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Malgudi Adventures By R.K. Narayan

August 2, 2011

Malgudi Adventures By R.K. Narayan

Malgudi Adventures By R.K. Narayan
Title : Malgudi Adventures
Author: R.K.Narayan
Pages: 270
Published by: Puffin Books (Penguin Books India) 2004
Price: Rs 199/-
Format: Paperback.

Excerpt: “In an hour a fantastic world was raised… there were green parrots which stood taller than the elephants beside them; there were horses of yellow and white and green colours dwarfed beside painted brinjals; there was a finger-sized Turkish soldier with not a bit of equipment missing; the fat, round-bellied merchant, wearing a coat on his bare body squatted there, a picture of contentment, gazing at his cereals before him, unmindful of the curly-tailed dog of porcelain on one side and a grimacing tiger on the other. Here and there out of the company of animals and vegetables and mortals emerged the gods – there stood the great Krishna trampling to death the demon serpent Kalinga, undistracted by the leer of a teddy bear which could beat a drum.” From ‘Navarathri Adventure’
This book has a collection of twelve short pieces – three short stories and nine excerpts from well-known novels of R.K. Narayan. First time readers of Narayan will find ‘Malgudi Adventures’ a good introduction to his unique narrative style. Unlike ‘Malgudi Schooldays’ that centered on Swami and his friends, this collection has a different mood, a different theme, and different characters in every story. However, they all happen in the small South Indian town of Narayan’s creation, Malgudi.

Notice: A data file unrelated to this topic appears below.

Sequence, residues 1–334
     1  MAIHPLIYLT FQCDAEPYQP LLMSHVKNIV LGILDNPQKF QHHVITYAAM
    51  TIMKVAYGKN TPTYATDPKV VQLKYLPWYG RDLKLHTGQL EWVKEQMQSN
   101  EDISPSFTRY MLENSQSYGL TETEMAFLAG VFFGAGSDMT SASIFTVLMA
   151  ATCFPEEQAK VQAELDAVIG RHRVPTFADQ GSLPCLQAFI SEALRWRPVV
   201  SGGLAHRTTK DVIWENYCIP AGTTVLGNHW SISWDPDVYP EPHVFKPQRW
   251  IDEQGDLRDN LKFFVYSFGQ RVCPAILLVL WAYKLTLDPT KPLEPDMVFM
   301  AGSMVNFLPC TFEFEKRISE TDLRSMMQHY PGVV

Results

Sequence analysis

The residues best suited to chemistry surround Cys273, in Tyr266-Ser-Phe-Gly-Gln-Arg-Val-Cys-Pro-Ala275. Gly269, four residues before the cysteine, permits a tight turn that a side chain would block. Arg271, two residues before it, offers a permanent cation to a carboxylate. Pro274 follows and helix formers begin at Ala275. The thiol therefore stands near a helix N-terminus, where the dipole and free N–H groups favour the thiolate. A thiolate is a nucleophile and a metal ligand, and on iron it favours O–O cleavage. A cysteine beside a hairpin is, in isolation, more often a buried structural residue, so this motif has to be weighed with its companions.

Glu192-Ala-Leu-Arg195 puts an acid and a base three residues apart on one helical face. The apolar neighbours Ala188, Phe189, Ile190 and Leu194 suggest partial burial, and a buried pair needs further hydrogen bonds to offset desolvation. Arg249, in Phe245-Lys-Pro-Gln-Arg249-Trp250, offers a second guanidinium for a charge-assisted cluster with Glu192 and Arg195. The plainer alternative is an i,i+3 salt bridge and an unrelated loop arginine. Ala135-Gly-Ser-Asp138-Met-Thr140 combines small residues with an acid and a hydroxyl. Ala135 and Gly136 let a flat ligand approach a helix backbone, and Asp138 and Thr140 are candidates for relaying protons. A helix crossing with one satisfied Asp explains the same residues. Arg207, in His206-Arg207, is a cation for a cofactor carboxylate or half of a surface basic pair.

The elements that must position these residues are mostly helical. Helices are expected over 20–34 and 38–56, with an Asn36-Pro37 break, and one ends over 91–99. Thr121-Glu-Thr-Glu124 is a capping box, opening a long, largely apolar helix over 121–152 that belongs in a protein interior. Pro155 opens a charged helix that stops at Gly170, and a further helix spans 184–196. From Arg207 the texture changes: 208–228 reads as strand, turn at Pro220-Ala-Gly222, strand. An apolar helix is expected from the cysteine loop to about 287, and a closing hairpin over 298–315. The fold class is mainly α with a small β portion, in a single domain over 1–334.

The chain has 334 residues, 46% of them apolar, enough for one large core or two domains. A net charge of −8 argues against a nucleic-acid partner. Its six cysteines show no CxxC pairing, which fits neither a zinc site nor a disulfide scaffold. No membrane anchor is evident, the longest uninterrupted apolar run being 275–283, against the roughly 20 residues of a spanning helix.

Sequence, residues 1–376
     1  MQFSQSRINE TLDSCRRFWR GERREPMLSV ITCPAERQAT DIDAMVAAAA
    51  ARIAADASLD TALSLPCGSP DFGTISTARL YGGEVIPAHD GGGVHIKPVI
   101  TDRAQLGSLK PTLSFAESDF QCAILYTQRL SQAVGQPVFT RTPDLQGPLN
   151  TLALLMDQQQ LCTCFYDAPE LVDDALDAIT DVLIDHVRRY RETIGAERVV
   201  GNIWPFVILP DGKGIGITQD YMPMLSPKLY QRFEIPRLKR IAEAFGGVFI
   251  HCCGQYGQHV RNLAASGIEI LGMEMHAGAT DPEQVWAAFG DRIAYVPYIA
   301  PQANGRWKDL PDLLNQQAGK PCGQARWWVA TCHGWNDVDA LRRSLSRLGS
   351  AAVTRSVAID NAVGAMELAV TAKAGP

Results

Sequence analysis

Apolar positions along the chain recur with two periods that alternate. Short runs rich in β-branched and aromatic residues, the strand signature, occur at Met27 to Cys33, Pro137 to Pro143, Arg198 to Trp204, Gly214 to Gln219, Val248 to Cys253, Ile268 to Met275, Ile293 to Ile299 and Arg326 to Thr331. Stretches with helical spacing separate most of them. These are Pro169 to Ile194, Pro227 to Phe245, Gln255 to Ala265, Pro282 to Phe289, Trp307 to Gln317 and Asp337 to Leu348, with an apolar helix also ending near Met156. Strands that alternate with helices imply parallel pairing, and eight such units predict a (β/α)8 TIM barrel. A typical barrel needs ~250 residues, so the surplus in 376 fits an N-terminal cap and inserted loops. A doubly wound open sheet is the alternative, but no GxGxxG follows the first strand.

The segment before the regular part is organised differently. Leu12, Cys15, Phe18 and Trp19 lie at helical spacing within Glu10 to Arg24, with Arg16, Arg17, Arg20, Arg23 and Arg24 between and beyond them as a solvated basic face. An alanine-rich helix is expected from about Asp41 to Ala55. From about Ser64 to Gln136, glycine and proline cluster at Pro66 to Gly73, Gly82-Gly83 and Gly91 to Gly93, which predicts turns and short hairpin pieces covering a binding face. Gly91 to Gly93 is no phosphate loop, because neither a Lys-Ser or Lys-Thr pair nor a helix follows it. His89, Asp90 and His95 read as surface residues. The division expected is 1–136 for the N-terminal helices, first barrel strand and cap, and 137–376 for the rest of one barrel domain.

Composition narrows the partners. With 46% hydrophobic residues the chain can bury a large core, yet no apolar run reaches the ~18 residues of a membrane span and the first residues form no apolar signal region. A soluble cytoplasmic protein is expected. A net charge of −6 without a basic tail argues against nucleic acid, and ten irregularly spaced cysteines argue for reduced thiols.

Naughty Balu leads his father Margayya on a hot chase into the street. Enjoy how, after pouring ink all over his father’s register and flinging it into the street gutter, it is Balu who gets all the public sympathy.
The little hero of ‘The Framing Shop..’ discovers that his guardian has a notorious past. How he continues to love him makes a wonderful story.
The excitement that comes with the Navarathri festival and the feverish preparations to put up a dolls’ pavilion are described in fine detail in ‘Navarathri Adventure’. All joy disappears when the lights go off and the bad-tempered father returns…
In ‘A Cobra for a Companion’ a snake charmer’s boy quickly gets used to the idea that his father has deserted him. Ironically, his old, good-for-nothing snake, Naga, refuses to go away even when set free.
There is an equal amount of pathos and humour in the story of Leela who finds a school she loves to go to, and a headmaster who understands children.
When a tiger chooses to take a nap in the headmaster’s room, school does become interesting! Exciting and hilarious events follow, with the staff, parents, government officials, onlookers and a shikari plotting to rid themselves of the unwelcome visitor.
The stories clearly illustrate Narayan’s love for children, with all their mischief and innocence. His scorn for the school system and bad parenting are evident in many stories. Children above twelve years and anyone young at heart can enjoy this collection.
R.K. Narayan is one of the most well known writers in India. He wrote many novels and short stories set in the small town of Malgudi. His novel, the Guide (1958), won the Sahitya Academy Award. He also wrote essays and travel books and retold the epics in English. He was honoured by the Royal Society of Literature, and by the American Academy of Arts and Letters. In 2000 he was awarded the PadmaVibhushan by the Government of India. R.K. Narayan died in 2001.

By : Librarian


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